Sunday, 17 August 2008

In Canada & Not In Canada

America and Canada have the longest non-militarized border in the world; almost 9000km. Somewhere in that huge border are bits that aren't completely resolved. The most interesting one is Machias Seal Island.

The American state of Maine borders the Canadian province of Nova Scotia. Let's zoom in:

The blue area is definitely America, and the red area is definitely Canada. But there's this bit which isn't definitely one or the other. That's where Machias Seal Island is:

British and American forces established a rough border in 1783 after the Revolutionary War with the Treaty of Paris. Even after that, British ships set up safe harbours along the Maine coast (in the 'definitely America' part), charging other ships for the right to visit. They stopped after a while, but most of this area was pretty wild and woolly at the time so no-one wanted to start a new war over it.

The first time people took notice of Machias Seal Island was in 1832 when the British put up a lighthouse to stop ships crashing into it. The island was just 20 acres in size, about the area of a medium-sized school. When Canada became Canadian in 1867, they took over lighthouse duties and have continued for 150 years.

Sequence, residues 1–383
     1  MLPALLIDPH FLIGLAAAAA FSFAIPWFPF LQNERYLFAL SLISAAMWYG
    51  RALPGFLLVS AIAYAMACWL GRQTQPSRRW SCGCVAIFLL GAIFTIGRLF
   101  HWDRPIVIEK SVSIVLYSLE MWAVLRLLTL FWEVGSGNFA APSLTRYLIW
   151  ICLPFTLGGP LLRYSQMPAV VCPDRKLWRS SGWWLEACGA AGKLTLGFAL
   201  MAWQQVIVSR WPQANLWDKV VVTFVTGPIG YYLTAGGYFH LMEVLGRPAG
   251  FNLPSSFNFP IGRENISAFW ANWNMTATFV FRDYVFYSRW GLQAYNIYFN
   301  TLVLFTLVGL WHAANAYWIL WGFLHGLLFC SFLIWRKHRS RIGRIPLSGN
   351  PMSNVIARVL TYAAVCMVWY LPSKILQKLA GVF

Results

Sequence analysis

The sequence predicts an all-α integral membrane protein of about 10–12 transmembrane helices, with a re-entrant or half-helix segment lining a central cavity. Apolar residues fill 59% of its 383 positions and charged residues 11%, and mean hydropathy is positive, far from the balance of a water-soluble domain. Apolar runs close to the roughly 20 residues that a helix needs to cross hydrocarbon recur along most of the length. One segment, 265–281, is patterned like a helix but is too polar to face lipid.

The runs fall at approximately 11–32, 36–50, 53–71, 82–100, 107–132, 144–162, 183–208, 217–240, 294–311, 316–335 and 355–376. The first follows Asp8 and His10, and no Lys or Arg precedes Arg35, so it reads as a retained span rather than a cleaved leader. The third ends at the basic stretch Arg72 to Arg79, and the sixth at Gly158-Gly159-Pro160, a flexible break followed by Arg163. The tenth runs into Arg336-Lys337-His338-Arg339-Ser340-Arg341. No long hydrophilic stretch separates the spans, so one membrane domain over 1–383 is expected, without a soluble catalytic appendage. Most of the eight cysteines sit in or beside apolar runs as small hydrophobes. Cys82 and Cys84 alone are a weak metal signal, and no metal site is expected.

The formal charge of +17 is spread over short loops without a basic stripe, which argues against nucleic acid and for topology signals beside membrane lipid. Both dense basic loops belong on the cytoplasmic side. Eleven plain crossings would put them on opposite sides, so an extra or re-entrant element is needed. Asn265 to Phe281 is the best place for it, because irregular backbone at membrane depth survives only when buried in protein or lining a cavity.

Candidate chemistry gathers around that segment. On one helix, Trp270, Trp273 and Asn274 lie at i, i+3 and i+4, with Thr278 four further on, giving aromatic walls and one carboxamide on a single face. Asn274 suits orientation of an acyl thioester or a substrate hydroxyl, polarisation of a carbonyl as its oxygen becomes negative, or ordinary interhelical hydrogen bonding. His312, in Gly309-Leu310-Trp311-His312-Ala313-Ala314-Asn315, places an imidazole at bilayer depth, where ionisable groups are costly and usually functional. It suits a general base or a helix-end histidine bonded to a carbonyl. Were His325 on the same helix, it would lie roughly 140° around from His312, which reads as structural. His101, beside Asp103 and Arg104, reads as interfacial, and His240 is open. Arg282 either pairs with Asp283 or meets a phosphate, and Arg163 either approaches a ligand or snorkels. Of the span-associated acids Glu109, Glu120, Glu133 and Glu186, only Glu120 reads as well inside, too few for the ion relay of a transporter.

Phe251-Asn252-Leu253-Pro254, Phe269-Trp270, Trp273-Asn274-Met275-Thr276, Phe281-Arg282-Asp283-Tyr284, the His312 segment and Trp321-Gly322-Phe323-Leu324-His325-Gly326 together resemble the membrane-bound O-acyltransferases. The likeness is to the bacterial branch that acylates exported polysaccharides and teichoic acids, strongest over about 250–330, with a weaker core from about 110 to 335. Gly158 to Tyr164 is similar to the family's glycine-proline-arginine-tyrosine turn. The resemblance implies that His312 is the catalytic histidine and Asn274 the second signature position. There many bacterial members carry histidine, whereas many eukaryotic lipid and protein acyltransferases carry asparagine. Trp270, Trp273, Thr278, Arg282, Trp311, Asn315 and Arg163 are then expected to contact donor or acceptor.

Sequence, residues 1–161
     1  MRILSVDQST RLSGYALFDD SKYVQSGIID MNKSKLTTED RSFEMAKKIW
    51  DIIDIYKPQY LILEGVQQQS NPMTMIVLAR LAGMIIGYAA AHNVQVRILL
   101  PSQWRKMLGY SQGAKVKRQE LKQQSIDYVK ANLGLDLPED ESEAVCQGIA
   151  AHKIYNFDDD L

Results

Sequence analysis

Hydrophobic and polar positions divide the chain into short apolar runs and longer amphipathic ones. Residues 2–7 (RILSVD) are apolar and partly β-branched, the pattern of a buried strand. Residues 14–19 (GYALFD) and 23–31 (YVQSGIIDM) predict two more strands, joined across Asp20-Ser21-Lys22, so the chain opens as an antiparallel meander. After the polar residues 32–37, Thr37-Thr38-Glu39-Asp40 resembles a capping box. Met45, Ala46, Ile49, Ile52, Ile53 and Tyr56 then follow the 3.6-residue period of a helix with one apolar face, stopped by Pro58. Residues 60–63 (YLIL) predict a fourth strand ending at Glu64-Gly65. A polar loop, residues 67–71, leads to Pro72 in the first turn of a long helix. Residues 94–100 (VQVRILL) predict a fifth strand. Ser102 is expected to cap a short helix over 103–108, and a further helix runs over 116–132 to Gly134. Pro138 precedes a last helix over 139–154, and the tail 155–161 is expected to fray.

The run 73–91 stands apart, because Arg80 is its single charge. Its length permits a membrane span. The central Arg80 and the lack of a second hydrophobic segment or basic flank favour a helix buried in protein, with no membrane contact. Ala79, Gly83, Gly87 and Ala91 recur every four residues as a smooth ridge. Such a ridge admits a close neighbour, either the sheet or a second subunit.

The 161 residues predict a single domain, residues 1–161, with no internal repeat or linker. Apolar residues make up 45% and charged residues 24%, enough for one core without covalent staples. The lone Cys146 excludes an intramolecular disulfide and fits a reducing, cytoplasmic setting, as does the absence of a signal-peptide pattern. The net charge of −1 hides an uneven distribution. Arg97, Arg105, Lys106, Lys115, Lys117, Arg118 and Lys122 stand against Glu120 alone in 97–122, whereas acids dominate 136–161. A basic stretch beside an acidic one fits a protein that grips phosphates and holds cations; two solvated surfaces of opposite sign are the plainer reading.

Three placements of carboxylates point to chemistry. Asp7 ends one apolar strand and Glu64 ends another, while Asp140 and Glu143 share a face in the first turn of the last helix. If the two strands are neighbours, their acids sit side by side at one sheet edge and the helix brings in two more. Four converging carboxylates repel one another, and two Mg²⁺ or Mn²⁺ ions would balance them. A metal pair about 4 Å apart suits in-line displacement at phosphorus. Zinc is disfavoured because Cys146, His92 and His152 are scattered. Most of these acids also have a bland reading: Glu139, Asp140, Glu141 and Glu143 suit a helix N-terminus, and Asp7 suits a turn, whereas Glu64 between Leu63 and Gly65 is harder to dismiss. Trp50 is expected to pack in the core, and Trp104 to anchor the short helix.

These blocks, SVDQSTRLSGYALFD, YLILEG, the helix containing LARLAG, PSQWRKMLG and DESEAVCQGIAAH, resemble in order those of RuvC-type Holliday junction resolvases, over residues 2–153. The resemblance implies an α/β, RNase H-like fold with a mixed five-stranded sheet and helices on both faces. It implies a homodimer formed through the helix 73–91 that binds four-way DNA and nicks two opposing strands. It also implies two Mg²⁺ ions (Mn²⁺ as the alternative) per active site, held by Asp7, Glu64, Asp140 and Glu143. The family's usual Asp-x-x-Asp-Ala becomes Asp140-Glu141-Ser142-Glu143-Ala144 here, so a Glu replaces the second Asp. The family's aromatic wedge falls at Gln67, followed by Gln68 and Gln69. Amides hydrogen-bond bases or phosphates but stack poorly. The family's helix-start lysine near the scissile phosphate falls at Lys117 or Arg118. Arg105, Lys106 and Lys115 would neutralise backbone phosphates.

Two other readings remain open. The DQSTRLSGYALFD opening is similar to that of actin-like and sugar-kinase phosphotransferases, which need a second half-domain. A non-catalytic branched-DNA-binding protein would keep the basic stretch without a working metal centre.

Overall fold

The area has always been heavily fished, and fishermen from both countries take advantage of the 'grey area' to overfish the waters. Both Americans and Canadians have claimed mineral rights over parts of the zone and the Island. During WW1, a detachment of American Marines encamped on the Island to watch for German U-boats for a short time.

The lighthouse remains manned—the only staffed lighthouse in eastern Canada. It doesn't need to be, but you have to watch out for those Americans.

Machias Seal Island

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